Airport Business

OCT 2018

The airport professional's source for airport industry news, articles, events, and careers.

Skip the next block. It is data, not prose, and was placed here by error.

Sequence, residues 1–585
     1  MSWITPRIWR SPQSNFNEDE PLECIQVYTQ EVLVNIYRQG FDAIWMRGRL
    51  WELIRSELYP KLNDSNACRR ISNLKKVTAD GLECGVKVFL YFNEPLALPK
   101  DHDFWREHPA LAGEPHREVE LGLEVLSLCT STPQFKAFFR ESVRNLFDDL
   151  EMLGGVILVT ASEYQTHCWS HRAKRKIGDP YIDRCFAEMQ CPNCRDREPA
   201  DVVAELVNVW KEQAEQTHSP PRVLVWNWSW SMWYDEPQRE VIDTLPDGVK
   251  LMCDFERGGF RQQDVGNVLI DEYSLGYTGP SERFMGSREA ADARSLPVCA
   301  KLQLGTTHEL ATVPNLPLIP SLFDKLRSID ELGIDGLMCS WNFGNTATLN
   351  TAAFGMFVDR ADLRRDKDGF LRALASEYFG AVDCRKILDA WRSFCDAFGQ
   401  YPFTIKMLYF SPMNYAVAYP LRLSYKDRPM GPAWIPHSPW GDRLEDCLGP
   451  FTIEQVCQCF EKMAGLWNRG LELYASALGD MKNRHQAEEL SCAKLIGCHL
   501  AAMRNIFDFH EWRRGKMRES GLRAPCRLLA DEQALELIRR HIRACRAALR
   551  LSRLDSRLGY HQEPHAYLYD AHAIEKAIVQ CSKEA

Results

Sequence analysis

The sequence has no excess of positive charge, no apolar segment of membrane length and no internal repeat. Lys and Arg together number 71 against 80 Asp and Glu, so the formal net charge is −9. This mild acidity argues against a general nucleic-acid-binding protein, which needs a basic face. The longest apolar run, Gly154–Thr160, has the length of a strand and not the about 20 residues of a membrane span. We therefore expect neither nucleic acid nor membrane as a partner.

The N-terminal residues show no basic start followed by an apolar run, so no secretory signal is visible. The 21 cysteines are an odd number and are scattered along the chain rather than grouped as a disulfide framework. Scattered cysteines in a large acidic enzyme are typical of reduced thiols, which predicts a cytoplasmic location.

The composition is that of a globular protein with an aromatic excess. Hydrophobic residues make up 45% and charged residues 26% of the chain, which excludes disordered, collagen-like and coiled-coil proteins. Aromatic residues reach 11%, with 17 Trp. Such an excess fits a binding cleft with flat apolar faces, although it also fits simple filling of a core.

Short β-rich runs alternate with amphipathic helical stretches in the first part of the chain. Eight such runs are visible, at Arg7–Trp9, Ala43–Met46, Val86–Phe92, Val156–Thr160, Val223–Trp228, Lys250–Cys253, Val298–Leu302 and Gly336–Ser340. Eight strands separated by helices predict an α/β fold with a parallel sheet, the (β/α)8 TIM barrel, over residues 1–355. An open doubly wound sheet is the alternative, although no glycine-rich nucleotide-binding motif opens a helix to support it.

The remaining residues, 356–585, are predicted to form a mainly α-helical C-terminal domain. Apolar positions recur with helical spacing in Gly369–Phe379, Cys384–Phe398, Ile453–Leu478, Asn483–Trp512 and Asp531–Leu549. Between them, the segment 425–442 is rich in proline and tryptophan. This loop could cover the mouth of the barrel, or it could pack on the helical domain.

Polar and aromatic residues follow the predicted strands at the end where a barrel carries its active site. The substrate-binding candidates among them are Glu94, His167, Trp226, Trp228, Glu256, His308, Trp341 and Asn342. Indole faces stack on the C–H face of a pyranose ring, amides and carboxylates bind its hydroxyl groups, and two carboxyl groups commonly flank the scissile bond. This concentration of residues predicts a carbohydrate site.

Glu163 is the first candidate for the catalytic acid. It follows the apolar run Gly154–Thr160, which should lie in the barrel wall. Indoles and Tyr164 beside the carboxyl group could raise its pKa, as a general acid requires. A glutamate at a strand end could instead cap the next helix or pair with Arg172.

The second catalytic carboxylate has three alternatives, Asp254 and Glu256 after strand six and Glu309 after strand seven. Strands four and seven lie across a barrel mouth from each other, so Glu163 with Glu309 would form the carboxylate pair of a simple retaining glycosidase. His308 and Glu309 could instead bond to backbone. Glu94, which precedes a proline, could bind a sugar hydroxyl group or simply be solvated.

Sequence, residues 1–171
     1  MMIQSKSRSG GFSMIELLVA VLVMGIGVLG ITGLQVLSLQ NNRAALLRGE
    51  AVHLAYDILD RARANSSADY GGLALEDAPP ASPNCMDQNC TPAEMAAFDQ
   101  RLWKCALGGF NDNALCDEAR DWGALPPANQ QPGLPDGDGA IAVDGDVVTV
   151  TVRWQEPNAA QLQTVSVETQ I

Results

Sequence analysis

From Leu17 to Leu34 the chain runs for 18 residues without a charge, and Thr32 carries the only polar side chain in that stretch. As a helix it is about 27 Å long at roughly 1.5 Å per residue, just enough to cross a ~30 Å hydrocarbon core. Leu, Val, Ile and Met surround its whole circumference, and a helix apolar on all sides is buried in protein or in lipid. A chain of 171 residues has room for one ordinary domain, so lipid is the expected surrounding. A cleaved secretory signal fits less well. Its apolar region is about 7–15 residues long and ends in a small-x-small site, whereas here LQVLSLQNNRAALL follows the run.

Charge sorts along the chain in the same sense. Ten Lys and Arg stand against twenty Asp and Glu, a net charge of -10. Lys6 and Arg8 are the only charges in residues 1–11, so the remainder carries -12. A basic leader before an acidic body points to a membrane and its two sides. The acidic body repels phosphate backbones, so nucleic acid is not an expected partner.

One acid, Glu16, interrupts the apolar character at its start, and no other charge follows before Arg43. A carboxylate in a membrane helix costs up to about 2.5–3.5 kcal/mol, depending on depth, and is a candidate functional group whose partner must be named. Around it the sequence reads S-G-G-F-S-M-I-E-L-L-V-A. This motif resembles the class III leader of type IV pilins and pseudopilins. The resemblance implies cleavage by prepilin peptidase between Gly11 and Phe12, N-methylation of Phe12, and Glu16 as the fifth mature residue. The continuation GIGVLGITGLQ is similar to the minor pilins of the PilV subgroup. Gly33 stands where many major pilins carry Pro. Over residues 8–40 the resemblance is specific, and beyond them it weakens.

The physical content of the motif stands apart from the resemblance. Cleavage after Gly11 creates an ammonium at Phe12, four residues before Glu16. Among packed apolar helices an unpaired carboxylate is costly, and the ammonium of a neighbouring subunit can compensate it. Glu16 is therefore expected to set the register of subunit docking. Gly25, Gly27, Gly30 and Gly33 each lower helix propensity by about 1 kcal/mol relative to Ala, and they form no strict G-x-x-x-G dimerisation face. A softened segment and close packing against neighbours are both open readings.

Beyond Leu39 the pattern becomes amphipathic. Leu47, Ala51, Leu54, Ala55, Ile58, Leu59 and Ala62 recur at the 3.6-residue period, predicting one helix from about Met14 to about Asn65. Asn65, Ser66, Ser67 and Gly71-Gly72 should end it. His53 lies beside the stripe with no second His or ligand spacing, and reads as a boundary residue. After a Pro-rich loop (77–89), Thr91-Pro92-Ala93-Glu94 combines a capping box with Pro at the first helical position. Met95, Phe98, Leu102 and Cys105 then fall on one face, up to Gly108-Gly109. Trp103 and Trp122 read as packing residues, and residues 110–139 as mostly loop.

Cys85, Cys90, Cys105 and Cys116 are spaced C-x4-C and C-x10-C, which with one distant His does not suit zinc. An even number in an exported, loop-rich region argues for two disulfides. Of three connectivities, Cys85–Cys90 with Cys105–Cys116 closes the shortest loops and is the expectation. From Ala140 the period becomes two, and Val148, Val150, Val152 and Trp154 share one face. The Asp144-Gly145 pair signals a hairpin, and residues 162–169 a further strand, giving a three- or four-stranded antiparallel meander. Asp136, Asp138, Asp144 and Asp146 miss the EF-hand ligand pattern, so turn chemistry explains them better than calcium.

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October 2018 airportbusiness 53 Alex Wuchte Alex Wuchte has worked for the Jervis B. Webb Company since February 2012, where he has represented them as an engineer at some of the busiest airports in the world including Hartsfield-Jackson, Washington Dulles and Philadelphia International. Before aviation, Wuchte was in building construction in Chicago. “It was great, but aviation gives you much more of a sense of the world and how big it is,” he said. In February 2016, Wuchte moved from engineering to a new job as a sales application engineer. In this role, he has been able to match his technical expertise to his customer relationships to create solutions to meet the customers’ needs. In 2018, he was promoted to business development associate and is now running sales teams on large baggage-handling opportunities. “I enjoy constantly being on the move and working on something different. There’s always something new, exciting, and challenging to work on,” said Wuchte. “I remember being in my 20s and thinking `Yea traveling for work sounds great.’ Seven years and many hardships later I’m still here and still enjoying it.” One of the coolest things we might see soon is biometrics across the airport, said Wuchte. “It would be nice to leave the wallet and phone in your bag and be able to check-in, go through security, buy food and board the plane — all with just your face.” Wuchte’s favorite project was also his first — Hartsfield-Jackson’s international Terminal F. “I think it gave me my wings. I still refer to it as a good model for almost any other terminal,” he said. Continued online at "I remember being in my 20s and thinking `Yea traveling for work sounds great.' Seven years and many hardships later I'm still here and still enjoying it." Zach E. Nelson, MPA Zach Nelson caught the aviation bug at an early age. “For a short period of my childhood, between ages 6 to 8, I lived behind the Stillwater Municipal Airport in Stillwater, Okla. I used to ride my bike up to the airport all the time and stick my nose through the fence just to watch what was going on,” he recalled. “While I loved watching airplanes, I was always aware of the orderly operation of the airport and its airspace and really enjoyed the structure of it all.” Whenever the airport was busy or had a fly-in of any sort, Nelson said he’d hear it from his house and would hop right on his bike. “Interestingly enough, Gary Johnson, C.M., has been the airport director there since 1986,” he said. “While I don’t recall ever meeting him personally, I’m sure he had to escort me to the right side of the fence a time or two in the early 1990s.” Nelson went to Florida Institute of Technology and earned a bachelor’s degree in aviation management. He also has Masters of Public Administration from the University of Nebraska at Omaha. He’s been an adjunct professor at Florida Tech since 2012, where he teaches courses including airport planning, airport design and AutoCAD for airport development. “I really can’t think of any other industry I would work in. Early in college, I realized I didn’t want to be a pilot, but I wanted to be in aviation,” he recalled. “Airports are great and as a consultant, it gives me a broad experience.” He thrives in his role at McFarland Johnson, where he consults with airports on their long-ranging visioning and development projects. “It’s a combination of working with people and finding creative solutions to a variety of interesting problems. One day I could be running a meeting discussing potential forecast scenarios and impacts to facilities and another I could be engaged in discussion of economic development initiatives with decision makers from an airport or municipality,” he said. “I also work with my firm to develop and deploy innovative technological solutions for airports. Our dynamic analysis tool has grown in multiple directions in the last few years as we work with airport clients on airport specific issues and concerns. It’s an exciting time to be an airport planner.” Continued online at

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